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Riegel Explains the Foundations of Economic Democracy

Posted on Monday, February 28th, 2011 at 5:05 pm by Tom Greco

I have often referred to E. C. Riegel as a “master of monetary truth.” His insight is astounding, his logic impeccable, and his expression eloquent. In this essay on Economic Democracy, he shows the way out of our present predicament an into a new world of peace, justice and prosperity. I urge you to read the entire essay but I don’t want you to miss his bottom line:

“Once a monetary science develops, it will no more be localized or nationalized than mathematics is today. There opens before the mind, therefore, the prospect of a universal monetary unit and system that will operate without regard for political boundaries. It will have no nationality or politics. None will be coerced to participate. None will be barred. There will be but one monetary language for the world, and a democratic monetary system will unite people everywhere in the universal freedom of exchange.” [emphasis added]

ECONOMIC DEMOCRACY

The End of Monetary Nationalism

E.C. Riegel

Rising from tiny springs of rebellion in the consciousness of primitive men, democracy, like an ever expanding river, deepening and widening, has swept aside all the ancient forms of political government, and with them their pretenses of divine power and aristocratic preference. Its traditional service to humanity, however, has been only that of a negator of tyranny and presumption in the political sphere. In the future, it will be recognized and acclaimed for its more positive service in the economic sphere.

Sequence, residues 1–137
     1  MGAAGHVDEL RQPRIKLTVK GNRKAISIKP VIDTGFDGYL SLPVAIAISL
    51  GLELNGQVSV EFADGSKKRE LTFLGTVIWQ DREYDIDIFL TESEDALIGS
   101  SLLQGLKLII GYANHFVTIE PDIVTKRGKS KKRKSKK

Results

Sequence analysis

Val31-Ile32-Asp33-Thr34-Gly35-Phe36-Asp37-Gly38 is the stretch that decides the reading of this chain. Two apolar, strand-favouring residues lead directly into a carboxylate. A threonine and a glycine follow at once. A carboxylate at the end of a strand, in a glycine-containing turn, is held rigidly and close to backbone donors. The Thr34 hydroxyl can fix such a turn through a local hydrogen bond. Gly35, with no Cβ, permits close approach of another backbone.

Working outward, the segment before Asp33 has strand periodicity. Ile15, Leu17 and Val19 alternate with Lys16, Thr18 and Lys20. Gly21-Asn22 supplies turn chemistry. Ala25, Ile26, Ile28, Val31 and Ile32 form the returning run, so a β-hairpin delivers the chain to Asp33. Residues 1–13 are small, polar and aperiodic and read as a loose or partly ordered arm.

Under the constant challenge of democracy, the modern state has abandoned its former attitude of arrogance and now cloaks its undertakings in such flattering phrases as “democratic government,” “rule of the people,” “equality,” “welfare state,” and so on. These pretenses have been forced upon the state by the very failure of democracy as yet to assume a positive role in the affairs of mankind. The state is a positive organ and, as such, retains the initiative and leadership to which the people must turn for the “remedy” of this ill or that. Though the state is impotent to do more than change one economic ill for another, we cannot blame the demagogy of politicians for promising salvation from all the ills of mankind. This must continue, and the people must go on suffering under the delusion that they can resort to the political means of salvation, until an agency functioning through the economic means is supplied.